At least 24 Iraqis killed, 78 wounded in countrywide attacks

BAGHDAD — At least 24 Iraqis were killed and 78 were wounded Monday in the latest wave of violence sweeping the country, Iraqi police said.

The attacks, which were concentrated in Baghdad, came just days before the June 30 deadline for U.S. combat forces to finish withdrawing from major Iraqi cities. The attacks raise questions about the readiness of Iraqi security forces and their ability to control the recently unstable security situation.

Officials at the Ministry of Defense weren't available for comment Monday. U.S. military officials have warned that insurgents and what they call "criminal groups" might unleash violent acts to try to terrorize Iraqi cities as Americans pull out.

In a statement late last week, Col. John Robinson, the Multi-National Corps Iraq spokesman, said that "disrupted groups of terrorists and criminals continue to use high-profile attacks against vulnerable and innocent civilians as a means of creating the perception of an increase in violence in Iraq." He added that "the numbers of overall attacks in Iraq have remained relatively low for several months."

In Baghdad, there were five explosions Monday, including two car bombs in different parts of the city. The first car bomb blew up in the Abu Ghraib suburb of west Baghdad. Iraqi police said that the suicide bomber had parked near a building that houses the local planning council.

A longtime security employee at the hospital in Abu Ghraib, who asked that his name not be used because he isn't authorized to talk to journalists, said he was in a courtyard near a building where American and Iraqi forces were stationed when the bomb exploded, killing 7 people and wounding 13.

"People were on the ground shouting and crying," he said. "There were three wounded women in a minibus, including a 9-year-old girl. I started helping the injured people and took out the driver of the bus and another man." The driver died a few minutes later, and the other man was taken to a Baghdad hospital.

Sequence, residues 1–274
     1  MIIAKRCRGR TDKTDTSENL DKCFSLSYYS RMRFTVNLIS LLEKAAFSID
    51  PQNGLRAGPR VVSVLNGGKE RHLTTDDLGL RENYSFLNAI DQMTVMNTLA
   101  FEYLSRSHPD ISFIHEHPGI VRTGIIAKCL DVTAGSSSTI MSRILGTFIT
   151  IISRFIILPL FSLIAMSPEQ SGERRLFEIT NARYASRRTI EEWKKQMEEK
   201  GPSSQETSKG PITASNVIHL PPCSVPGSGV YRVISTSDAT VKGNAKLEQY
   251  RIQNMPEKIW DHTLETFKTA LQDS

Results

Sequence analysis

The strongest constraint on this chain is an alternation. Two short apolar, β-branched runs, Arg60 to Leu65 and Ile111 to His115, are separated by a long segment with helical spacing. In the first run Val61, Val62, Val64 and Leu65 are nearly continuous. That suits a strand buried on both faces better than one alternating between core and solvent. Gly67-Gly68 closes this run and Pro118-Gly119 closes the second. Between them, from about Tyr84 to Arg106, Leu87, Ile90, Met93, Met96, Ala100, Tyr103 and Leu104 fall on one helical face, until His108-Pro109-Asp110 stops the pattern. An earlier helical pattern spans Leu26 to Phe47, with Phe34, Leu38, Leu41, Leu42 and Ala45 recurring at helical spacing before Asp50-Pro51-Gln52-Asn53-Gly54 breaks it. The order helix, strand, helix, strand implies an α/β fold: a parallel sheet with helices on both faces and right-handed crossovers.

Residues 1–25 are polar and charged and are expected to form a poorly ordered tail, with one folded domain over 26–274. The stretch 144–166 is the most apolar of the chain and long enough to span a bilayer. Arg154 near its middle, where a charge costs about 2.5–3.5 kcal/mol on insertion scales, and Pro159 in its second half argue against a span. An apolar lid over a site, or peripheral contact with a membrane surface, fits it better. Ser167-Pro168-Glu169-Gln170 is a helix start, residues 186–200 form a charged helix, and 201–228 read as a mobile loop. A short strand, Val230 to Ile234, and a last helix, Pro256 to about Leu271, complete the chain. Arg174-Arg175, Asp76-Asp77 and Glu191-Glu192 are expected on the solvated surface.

In downtown Baghdad near one of the main gates into the International Zone, which houses the U.S. Embassy, a car bomb killed five people and wounded 20. Mohammed Reyadh, 41, who owns a money exchange nearby, saw shards of glass flying through the air while he was talking to friends. The bomb detonated less than 20 feet away from him, but an iron gate protected him. "I saw one of my friends when he died," he said. "He had just gotten off a bus when the explosion happened. I also saw an old woman and her son dead inside the same bus."


Added Mustafa Abdul Jaleel Reyadh, who owns a chandelier store next door: "We can't feel safe at all. I feel afraid when I walk in the streets because I expect an explosion any moment. The situation will not change even after the departure of the American forces, because one hand cannot clap. We must unite to defeat terror."

Three civilians also were killed and 30 wounded when a roadside bomb exploded near a marketplace in northeast Baghdad. Three high school students were killed and 15 other residents, mostly students, were wounded when two roadside bombs detonated in Sadr City, a crowded Baghdad slum.

In Diyala province, north of Baghdad, a bomb killed three security officers who worked for the Ministry of Oil.

In Mosul, the scene of a gruesome truck bombing Saturday that left 73 dead and more than 250 wounded, two gunmen attacked a downtown police checkpoint Monday, killing two officers. Police killed one of the attackers and arrested the other one. Not far from the checkpoint, other gunmen broke into a house and killed a young woman, police said.

(Hammoudi is a McClatchy special correspondent. Michael Tharp of the Merced (Calif.) Sun-Star contributed to this article from Baghdad.)


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